All of St. John’s poems have, as their subject, mystical union with God. Each poem reveals his spiritual awakening and his understanding of the spiritual world. The longest of these, Spiritual Canticle, portrays the soul as bride and God as bridegroom. At one point, the soul cries out for the return of the experience of union with God:
Where are you hiding,
Beloved, having left me to moan?
Like the stag you fled
After wounding me;
I followed crying aloud, but you had gone.
In The Fountain, St. John rejoices in knowing God through faith: "Well I know the fountain that flows and runs, Although it’s night." He is proclaiming that he knows God well and this knowing is strictly through faith. It is impossible, the mystic John explains, to know God through worldly understanding because worldly understanding hides the spiritual world as surely as the darkness of night hides the light of day. In another poem, Songs Written About an Ecstasy of High Contemplation, St. John explains that God cannot be known through the intellect or science:
I entered I knew not where
And I remained, knowing nothing, where
All science was transcended.
St. John’s mystical experience was so strong, and his desire to be one with God so great, that his very soul yearned for God. This yearning is expressed in Songs of the Soul that Pines to See God:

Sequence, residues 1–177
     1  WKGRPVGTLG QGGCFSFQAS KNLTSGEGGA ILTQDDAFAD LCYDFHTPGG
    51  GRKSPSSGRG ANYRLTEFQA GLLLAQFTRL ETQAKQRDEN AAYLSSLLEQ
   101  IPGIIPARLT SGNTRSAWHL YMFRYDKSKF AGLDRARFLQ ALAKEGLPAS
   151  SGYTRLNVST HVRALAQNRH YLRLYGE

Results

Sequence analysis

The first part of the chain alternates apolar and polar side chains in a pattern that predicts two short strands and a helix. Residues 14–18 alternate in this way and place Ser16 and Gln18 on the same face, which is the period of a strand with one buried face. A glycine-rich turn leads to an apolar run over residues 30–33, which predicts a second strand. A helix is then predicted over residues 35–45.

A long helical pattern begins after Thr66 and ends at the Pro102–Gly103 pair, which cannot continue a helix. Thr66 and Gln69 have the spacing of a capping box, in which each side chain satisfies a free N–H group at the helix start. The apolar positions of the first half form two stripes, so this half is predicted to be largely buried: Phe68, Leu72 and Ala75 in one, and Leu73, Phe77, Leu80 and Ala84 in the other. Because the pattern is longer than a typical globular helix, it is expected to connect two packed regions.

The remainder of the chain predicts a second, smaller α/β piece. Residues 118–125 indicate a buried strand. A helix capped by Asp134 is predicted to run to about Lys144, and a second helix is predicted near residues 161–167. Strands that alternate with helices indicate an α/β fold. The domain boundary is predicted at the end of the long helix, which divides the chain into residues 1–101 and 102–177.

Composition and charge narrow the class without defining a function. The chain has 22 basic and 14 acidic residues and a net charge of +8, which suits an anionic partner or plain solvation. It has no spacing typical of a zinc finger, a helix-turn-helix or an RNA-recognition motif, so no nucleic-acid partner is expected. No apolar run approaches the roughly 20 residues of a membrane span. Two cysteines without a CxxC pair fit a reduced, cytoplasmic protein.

I live, but yet I do not live
In me. My hopes fly so high that
I die because I do not die.
Saint John was often referred to
as the friar "without shoes".
Here, St. John is also expressing the complete absence of any fear of death now that worldly life is of no value to him when compared to the sense of eternal life experienced in union with God. In his introduction to Living Flame of Love, Peers explains the statement, "I die because I do not die": "So exquisite is the ‘savour of eternal life’ which this experience produces that the soul desires to escape, by means of death, that it may know that life in its fullness." St. John categorized the obstacles to be surmounted before the fear of death is overcome as three webs from which we must disentangle ourselves. Once the first two are broken and all things of the world are put aside, the third is so delicate and fine that one’s actual dying and death is "sweeter and gentler" than the life itself. Whereupon, if all purgation is complete, there is perfect union with God.